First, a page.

# Calculating electric field

This problem is giving me a lot of problems. So $E=k*q/d^2$. We'd want to find the distance from q1 to P, which is .1 meters (not cm) using pythagorean thereom. So we know k, which is just $9x10^9$ times q1 which is $-2.4u$ where $u=10^{-6}$ divided by $r^2$ which is just $.1^2$. Then I get $-216,000,000$. To get x component, I take that number multiplied by $cos45$ to come up with a final answer of $-108,000,000$. And for point q2, I dont think there is an x component for the electric field since its right below the point P.

What have I done wrong?

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I suggest you use vector maths to simplify things here. – Noldorin Jan 24 '11 at 1:46
What do you mean? – maq Jan 24 '11 at 1:48
Well it's a 2-dimensional problem, so it is much more convenient to use vectors and their corresponding notation here than treat the dimensions separately. – Noldorin Jan 24 '11 at 1:53
I'm surprised that any physics course would not explain vector algebra before teaching E&M... but anyways, why are you using Cos(60) to calculate the x component? – stl_piznaul Jan 24 '11 at 2:01
A gneral comment I make to my students when I see solution attempts like this is "You're using numbers too soon." Keep your solution in symbols as long as you can, and you notice that you can factor out the $k$ which will spare you all the zeros right up until the end. Secondly, as others have noted there does not appear to be a 60 degree angle anywhere in the problem. – dmckee Jan 24 '11 at 2:17

The electric field is the vector sum $${\vec E}~=~\frac{1}{4\pi\epsilon_0}\Big(\frac{q_1{\bf n}_1}{2d^2}~+~\frac{q_2{\bf n}_2}{d^2}\Big)$$ so the components of the field are $$E_x~=~\frac{1}{4\pi\epsilon_0}\frac{q_1}{2\sqrt{2}d^2}$$ $$E_y~=~\frac{1}{4\pi\epsilon_0}\frac{q_1}{d^2}\frac{1~+~2\sqrt{2}}{2\sqrt{2}}$$ The rest is plug and grind on numbers.

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Ok so I came up with an answer of -15585 but the system told me I was off by a power 10, so I added two more zeros to get the right answer. But I have no idea what I did or what you did :( What is n1? I put q1 has -2.4 then multiplied by $10^{-6}$. Then divided by $2*.7^2$ which is .98. Mutliplied by K, and took the cos45. What am I still doing wrong? I got the right answer, but I just want to understand it more.. – maq Jan 24 '11 at 2:38
@mohabitar: $\mathbf n_1$ is a unit vector. That means it is an arrow with unit length. E.g. $(1, 0)$ would be an arrow pointing right and $(0, 1)$ would be an arrow pointing up. For general arrow you'd get a $(x, y)$ but you have to normalize it so that it only contains direction information. So e.g. here ${\mathbf n_1} = {1 \over \sqrt 2} (1, 1)$ for a north-east arrow. Electromagnetism obeys the principle of superposition and the fields are generated by charges sitting at some points of space. You can represent these points by vectors and then you just add the fields to obtain the result. – Marek Jan 24 '11 at 9:36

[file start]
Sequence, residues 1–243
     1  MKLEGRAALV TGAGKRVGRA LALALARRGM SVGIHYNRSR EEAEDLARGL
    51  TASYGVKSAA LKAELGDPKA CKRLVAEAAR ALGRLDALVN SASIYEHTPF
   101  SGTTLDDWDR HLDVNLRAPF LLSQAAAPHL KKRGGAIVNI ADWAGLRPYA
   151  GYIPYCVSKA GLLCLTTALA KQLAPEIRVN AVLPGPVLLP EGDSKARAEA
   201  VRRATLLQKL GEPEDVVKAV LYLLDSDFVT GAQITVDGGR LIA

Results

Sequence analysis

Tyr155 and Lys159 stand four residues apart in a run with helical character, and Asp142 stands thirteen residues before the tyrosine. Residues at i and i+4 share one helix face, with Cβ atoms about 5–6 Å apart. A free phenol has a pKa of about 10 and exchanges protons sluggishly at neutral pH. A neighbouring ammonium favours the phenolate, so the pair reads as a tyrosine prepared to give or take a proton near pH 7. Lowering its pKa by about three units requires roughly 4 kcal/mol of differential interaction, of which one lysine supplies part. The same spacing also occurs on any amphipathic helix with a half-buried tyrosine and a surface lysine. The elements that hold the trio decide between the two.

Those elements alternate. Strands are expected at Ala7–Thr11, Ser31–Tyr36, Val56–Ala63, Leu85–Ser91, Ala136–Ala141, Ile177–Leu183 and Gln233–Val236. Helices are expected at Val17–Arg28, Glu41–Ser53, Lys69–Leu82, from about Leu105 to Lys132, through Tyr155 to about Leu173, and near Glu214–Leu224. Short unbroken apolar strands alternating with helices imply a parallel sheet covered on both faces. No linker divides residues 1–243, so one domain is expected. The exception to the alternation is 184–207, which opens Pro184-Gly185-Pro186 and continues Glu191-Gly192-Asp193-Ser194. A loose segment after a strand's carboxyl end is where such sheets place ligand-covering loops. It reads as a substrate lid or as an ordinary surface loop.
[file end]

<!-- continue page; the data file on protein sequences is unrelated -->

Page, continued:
Rather than answer the question, I assume you just started a physics course (my kids are in their first week this semester). This course should have had vector algebra, and probably other math as a prerequisite. If you don't have the prerequisites, then you have two choices, (1) drop the course and take it later after satisfying the prereqs, or (2) try to tough it out, which means you will have to rapidly pick up the missing prereqs. If you are a really good student, and the gaps aren't too great, I'd say go for it, otherwise option (1) would be your better choice. Note, option two may mean you have doubled or trippled the amount of work needed to pas the course, and you'll need to be an auto-didact (self learner). You can probably find free course notes on opencourseware, download the appropriate ones and see if you think you are up to the task.

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Well I'm in Calc III now, so we just started Vector stuff, but we had a basic vector review in last semester's Physics course. I just need a little review maybe.. – maq Jan 24 '11 at 6:19

First off, I don't want to answer the question for you, but your distance between q1 and point P seems to be incorrect.

You should really be working with units as well - this will help you catch any mistakes you may be making.

Your general reasoning seems to be on track though.

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How is it incorrect? – maq Jan 24 '11 at 1:51
Oh .01 is in meters. I converted from cm to m because thats the way the E equation is set up.. – maq Jan 24 '11 at 1:53

Note that the fields are vector quantities (that is they have direction as well as magnitude). The field from q1 points down and left, while the field from q2 points straight up. (If you don't know why you should review your earlier studies until you do...)

This has implications for how they add. (This is another thing that you should already have studied.)

By noting that the question asks only for the x-component of the resulting field you may be able to simplify your work. (Look again at the directions of the two fields...)

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